Officials in Provincetown, Massachusetts, declared a sewer emergency for properties on one of its sewer systems on Thursday, and have told businesses in the area to stop operations.
Town officials also said they were ordering port-a-potties as public restrooms have been closed.
“Any restaurant or food service business in this service area will need to cease operations immediately. This is necessary to prevent a further public health emergency caused by sewer overflows, and we need to drastically reduce flow to allow the critical repair work in order to get the town back to full capacity,” the Town of Provincetown wrote on Facebook.
The town added that residential properties on its “vacuum sewer system” have to “reduce water use, including dishwashing, laundry, showering, and only flush when absolutely necessary.”
Officials estimated Thursday that it will take up to 48 hours to “get the system back to normal” and noted that 18 port-a-potties would be arriving at Town Hall around 11 a.m. on Thursday.
“Our team will continue to provide updates throughout the next 48 hours. We want to thank everyone for their continued patience and cooperation,” the town added.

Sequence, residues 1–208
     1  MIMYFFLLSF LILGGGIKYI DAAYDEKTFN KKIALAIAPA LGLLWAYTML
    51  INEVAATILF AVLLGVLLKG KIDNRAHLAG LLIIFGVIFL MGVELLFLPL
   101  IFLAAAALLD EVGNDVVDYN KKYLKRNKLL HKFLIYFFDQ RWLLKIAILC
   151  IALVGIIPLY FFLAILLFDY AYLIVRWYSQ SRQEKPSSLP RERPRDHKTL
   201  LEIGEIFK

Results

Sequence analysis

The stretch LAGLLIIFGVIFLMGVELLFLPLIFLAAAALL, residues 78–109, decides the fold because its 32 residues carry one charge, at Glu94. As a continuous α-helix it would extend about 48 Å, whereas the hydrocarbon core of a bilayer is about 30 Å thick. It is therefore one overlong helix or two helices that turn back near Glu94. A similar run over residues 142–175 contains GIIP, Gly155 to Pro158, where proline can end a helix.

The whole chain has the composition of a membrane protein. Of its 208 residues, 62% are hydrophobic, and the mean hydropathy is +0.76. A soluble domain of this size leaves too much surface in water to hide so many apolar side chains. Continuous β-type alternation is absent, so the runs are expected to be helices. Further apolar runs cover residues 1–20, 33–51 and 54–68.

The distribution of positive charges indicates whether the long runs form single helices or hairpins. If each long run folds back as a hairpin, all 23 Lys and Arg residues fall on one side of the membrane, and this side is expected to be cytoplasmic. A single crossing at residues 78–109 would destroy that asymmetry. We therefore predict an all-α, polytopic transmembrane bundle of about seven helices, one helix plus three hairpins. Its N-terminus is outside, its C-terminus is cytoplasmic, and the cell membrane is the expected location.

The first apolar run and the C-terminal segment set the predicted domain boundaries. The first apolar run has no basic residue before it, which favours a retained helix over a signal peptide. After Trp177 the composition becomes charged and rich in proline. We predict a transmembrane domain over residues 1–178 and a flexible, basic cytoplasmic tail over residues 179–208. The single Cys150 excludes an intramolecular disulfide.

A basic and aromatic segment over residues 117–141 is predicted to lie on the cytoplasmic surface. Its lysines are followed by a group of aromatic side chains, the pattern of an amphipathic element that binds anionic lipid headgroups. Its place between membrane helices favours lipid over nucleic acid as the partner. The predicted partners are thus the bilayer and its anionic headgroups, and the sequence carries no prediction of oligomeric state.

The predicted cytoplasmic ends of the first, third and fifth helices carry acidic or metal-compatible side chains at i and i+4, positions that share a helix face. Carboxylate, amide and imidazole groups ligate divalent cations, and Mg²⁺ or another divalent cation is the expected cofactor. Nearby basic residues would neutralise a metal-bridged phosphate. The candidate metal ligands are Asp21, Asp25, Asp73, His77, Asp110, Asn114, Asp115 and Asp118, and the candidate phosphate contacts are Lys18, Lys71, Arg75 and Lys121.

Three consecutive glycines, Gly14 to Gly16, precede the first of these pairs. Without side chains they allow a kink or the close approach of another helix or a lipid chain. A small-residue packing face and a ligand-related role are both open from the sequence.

In an interview with Newsweek on Thursday, Provincetown Town Manager Alex Morse said that officials are optimistic that the sewer system will be “fully operational” by Saturday.
Next week marks Provincetown’s annual Carnival week, a widely attended tourist event.
Morse said that with fewer people using the sewer system on Thursday given the town’s messaging, officials have “more space and capacity to make the necessary repairs.” But he noted: “We’re obviously not out of the woods yet.”
The night before it declared a sewer emergency, the town wrote on Facebook that “larger than normal wastewater volume sent into the sewer system today has hampered our ability to make the necessary repairs.” Officials also warned that they “may need to implement further restrictions tomorrow in order to facilitate our ability to make the necessary repairs.”
The town’s sewer issues stem from storms earlier this week that led to an overflow that impacted electric panels, turning the system off for several hours, according to Morse.
In a separate incident that occurred in June of last year, video footage in Chicago showed sewage and water exploding over city streets after heavy rain and flooding. The incident occurred after at least two manhole covers had been blown off the street during storm events, including a tornado that touched down in the city.
In December, officials in Long Beach, California, had to shut down beaches after millions of gallons of untreated sewage were “discharged” into a channel.
Also in California last year, 17 million gallons of untreated sewage spilled into the sea in Los Angeles, which also forced beaches to close. Los Angeles officials said at the time that the sewage spill was caused by a mechanical failure at the Hyperion Water Reclamation Plant in Playa del Rey, California.